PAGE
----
The American Diabetes Association® (ADA) issued important updates to the 2019 Standards of Medical Care in Diabetes (Standards of Care) today, in annotations as the Living Standards of Care, with the changes focusing on new metrics for continuous glucose monitoring (CGM) utilization and new medication options and recommendations for youth and adults with type 2 diabetes. The updates were informed by newly published research and crafted and approved by the ADA’s Professional Practice Committee, which is responsible for producing the annual Standards of Care. Updates to Section 10, Cardiovascular Disease and Risk Management, have also been reviewed and approved by the American College of Cardiology, who endorse this section. The Living Standards of Care are available immediately online at Diabetes Care.
Today’s updates to the Living Standards of Care include information added to the following sections:
- Section 6, Glycemic Targets, and Section 7, Diabetes Technology, have been revised to incorporate the new international consensus report on continuous glucose monitoring (CGM) time-in-range goals. A table has been added to help standardize CGM metrics for clinical care and an example of an ambulatory glucose profile has been added to encourage consistency in CGM data report interpretation.
- Section 9, Pharmacologic Approaches to Glycemic Treatment, and Section 10, Cardiovascular Disease Risk Management, have been updated to reflect the results of the Researching Cardiovascular Events With a Weekly Incretin in Diabetes (REWIND) trial, which indicated dulaglutide reduced the risk for nonfatal myocardial infarction, nonfatal stroke and cardiovascular death in adults with type 2 diabetes with and without established cardiovascular disease. Dulaglutide is now recognized among other GLP1 receptor agonists that have demonstrated macrovascular benefits in people with type 2 diabetes.
- Revisions to Section 13, Children and Adolescents, are the result of the U.S. Food and Drug Administration’s approval of injectable liraglutide in pediatric patients with type 2 diabetes who are 10 years of age and older, and the Liraglutide in Children and Adolescents with Type 2 Diabetes study, which examined the drug’s effects on youth. This is the first non-insulin medication approved to treat type 2 diabetes in the pediatric population since 2000.
“As ongoing research and data lead to improved treatment recommendations for people with diabetes, the ADA’s Living Standards of Care continue to be revised accordingly, and new updates, such as the time-in-range goals, allow clinicians and researchers in the field to stay abreast of the most accurate guidelines,” said the ADA’s Chief Scientific, Medical and Mission Officer William T. Cefalu, MD. “As technology surrounding continuous glucose monitoring evolves, CGM has the opportunity to positively impact the future of diabetes care and research, and establishing standard, official time-in-range recommendations is necessary for the clinical care, regulatory oversight and research efforts related to CGM.”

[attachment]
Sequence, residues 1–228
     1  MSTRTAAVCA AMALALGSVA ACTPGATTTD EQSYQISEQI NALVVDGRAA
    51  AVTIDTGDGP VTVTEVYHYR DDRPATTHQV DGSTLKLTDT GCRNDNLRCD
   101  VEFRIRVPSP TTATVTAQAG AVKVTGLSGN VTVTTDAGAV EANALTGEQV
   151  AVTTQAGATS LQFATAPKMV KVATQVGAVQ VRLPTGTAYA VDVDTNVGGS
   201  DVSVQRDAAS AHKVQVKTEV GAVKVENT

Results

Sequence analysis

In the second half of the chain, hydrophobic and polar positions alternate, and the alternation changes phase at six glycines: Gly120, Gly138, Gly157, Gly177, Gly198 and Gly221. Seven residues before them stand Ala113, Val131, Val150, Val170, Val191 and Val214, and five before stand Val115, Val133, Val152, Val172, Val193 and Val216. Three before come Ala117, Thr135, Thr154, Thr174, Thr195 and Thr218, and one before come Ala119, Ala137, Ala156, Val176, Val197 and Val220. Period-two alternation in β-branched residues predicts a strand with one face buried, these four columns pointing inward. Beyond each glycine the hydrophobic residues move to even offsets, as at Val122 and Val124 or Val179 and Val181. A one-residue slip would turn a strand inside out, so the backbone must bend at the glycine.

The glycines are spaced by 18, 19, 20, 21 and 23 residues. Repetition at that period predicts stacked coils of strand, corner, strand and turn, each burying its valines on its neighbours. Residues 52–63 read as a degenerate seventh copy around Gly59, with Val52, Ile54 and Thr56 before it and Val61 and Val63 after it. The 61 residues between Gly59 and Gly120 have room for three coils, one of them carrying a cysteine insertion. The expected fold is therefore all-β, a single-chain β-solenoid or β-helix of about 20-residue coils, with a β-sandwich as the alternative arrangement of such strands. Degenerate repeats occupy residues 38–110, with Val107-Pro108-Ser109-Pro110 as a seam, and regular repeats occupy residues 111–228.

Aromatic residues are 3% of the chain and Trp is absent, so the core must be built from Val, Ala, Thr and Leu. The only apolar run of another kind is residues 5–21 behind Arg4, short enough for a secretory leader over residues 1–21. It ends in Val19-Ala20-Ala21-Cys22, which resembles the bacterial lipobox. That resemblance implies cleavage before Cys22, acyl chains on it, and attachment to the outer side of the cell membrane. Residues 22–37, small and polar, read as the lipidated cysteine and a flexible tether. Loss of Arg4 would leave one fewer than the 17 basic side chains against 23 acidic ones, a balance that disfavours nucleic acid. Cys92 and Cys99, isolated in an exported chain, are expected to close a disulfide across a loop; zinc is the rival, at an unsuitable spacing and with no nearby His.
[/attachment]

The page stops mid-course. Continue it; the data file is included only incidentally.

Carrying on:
“The new time-in-range goals and ambulatory glucose profile that are part of the ADA’s Living Standards updates were developed by a panel consisting of individuals with diabetes, physicians and researchers from around the world who are experts in CGM technologies and diabetes research and care,” said consensus panel member Richard M. Bergenstal, MD, executive director of the International Diabetes Center at Park Nicollet, in Minneapolis, Minnesota. “These guidelines provide the tools for improved consistency for clinicians, researchers, and individuals with diabetes to utilize, and we are pleased that the American Diabetes Association is one of the many professional diabetes organizations around the world to endorse this international consensus report.”
The Standards of Care provide the latest in comprehensive, evidence-based recommendations for the diagnosis and treatment of children and adults with type 1, type 2 or gestational diabetes; strategies to improve the prevention or delay of type 2 diabetes; and therapeutic approaches that reduce complications and positively affect health outcomes. Beginning in 2018, the ADA updates and revises the online version of the Standards of Care throughout the year, with annotations for new evidence or regulatory changes that merit immediate incorporation. The online version of the Standards of Careincludes any research updates or policy changes that have been approved throughout 2019.
Updates to the Standards of Care are established and revised by the ADA’s Professional Practice Committee (PPC). The committee is a multidisciplinary team of 15 leading U.S. experts in the field of diabetes care and includes physicians, diabetes educators, registered dietitians and others whose experience includes adult and pediatric endocrinology, epidemiology, public health, lipid research, hypertension, preconception planning and pregnancy care. For the 2019 Standards of Care, two designated representatives from the American College of Cardiology (ACC) reviewed, provided feedback and endorsed the recommendations for cardiovascular disease and risk management on behalf of the ACC. The ACC designated representatives also reviewed and approved the updates made to the cardiovascular disease and risk management section. The PPC performs an extensive, global clinical diabetes literature search each year for the annual Standards of Care update, supplemented with input from ADA leaders and staff and the medical community at-large. Members of the PPC must disclose potential conflicts of interest with industry and/or relevant organizations; these disclosures are available on page S184 of the 2019 Standards of Care.
The complete, annotated Standards of Care, which includes updates made today, can be accessed online on Diabetes Care. The Abridged Standards of Medical Care in Diabetes have also been updated and can be accessed online on Clinical Diabetes.